HARVARD SQUARE COMMENTARY

May 28, 2007
From the Editor

John Turner


In a way, being away from home activates the mind, but not in a manner to inspire immediate writing. What does one say about being in Maryland. Annapolis is more populous, and more crowded than Montpelier. But everybody knows that. What they might not know is that people in Annapolis drive more aggressively than they do in Vermont. Why that should be I'm not sure. It's a case for sociological analysis.

It's easier to keep up with world affairs when you're at home than it is when you're traveling. On the road, routines are upset and the hours regularly devoted to something at home get spun away into other activities.

When I'm in Annapolis I've got in the habit of going regularly to the Barnes and Noble at the Harbour Center -- which is actually not very near to the harbor. It has a good coffee shop which is rarely crowded, in contrast with the Starbucks just down the way. The effect of a Barnes and Noble is curious. When you first go in it seems a cavern of delights. But after you have wandered for several hours it can induce a melancholy mood. The majority of books in a Barnes and Noble are not worth reading. In fact, a considerable portion of them are pure silliness. I looked, for example, at Bernard Goldberg's Crazies To the Left of Me, Wimps to the Right for several minutes. It's just silliness from a small-minded man. There's little else to be said about it. After putting it down, I jotted in my notebook this thought: "Great sadness comes over me browsing in a bookstore. Though human understanding is extensive, it's not what it should be." I also thumbed through Huston Smith's The Soul of Christianity. Mr. Smith  is neither silly nor small-minded. But I couldn't see he was saying anything about Christianity that would be recognized as its soul by anyone other than religious studies scholars. He said, for instance, that the great principle of Protestant Christianity was a refusal to absolutize the relative. I wonder how many people who call themselves Protestants would recognize that as their great principle.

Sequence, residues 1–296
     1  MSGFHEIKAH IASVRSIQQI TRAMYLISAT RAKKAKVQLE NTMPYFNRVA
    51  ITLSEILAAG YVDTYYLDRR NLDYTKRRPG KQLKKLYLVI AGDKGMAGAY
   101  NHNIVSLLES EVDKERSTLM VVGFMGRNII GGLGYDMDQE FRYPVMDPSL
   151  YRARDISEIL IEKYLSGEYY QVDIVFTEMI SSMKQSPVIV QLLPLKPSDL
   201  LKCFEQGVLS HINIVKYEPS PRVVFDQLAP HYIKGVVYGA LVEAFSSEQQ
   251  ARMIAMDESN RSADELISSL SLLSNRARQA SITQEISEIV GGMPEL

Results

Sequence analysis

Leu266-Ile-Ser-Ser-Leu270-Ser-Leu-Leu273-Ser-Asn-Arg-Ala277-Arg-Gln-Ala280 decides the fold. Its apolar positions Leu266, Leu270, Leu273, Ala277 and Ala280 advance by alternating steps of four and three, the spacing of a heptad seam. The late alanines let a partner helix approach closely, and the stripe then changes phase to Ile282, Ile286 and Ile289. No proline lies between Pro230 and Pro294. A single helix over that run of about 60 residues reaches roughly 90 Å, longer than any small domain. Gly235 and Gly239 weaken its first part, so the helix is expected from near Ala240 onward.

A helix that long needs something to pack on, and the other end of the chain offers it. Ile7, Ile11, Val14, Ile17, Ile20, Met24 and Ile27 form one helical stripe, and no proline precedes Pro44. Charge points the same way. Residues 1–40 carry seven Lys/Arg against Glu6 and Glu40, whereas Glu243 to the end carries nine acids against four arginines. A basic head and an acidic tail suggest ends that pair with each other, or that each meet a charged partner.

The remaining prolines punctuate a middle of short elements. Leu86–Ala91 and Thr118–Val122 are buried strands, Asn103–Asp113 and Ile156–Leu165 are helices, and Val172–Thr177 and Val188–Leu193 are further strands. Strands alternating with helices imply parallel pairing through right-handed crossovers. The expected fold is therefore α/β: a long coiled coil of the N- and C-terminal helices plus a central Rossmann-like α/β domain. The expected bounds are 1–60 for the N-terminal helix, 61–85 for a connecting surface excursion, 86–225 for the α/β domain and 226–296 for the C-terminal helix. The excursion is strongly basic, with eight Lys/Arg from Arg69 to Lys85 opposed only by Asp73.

I did have an interesting experience at the before-mentioned Starbucks, where I went so early it was not yet crowded. I had not bought a newspaper, so I picked up a book from a shelf in a nook looking out on the neighboring Whole Foods store and read the first two chapters while I sipped my coffee and ate a maple-walnut scone. The book was a novel by Jerry Yulsman, published in 1984 and titled Elleander Morning. The chapter headings were years, stretching from 1913 to the 1980s. In the first two, a well-dressed woman in Vienna follows a young, dyspeptic, poverty-stricken painter to a huge coffee house and, there, takes a pistol from her purse and shoots him to death. Her motive is never mentioned -- at least in the two chapters I read. But the painter, though not named is clearly presented as the youthful Adolph Hitler. I was left speculating that the novel would tell us something of a world in which Hitler was murdered when he was twenty-four years old. I'm curious about what that world was, but probably not curious enough to track the book down and read the rest of it.

Thus do one's days pass, idly, away from home. I tend to think of them as fallow time. They are necessary to keep familiar soil from becoming sterile, but exactly what fertility they'll bring forth is impossible to predict.

I'll be back at home by the time the HSC reaches you next week. We'll see then whether the return makes any difference.


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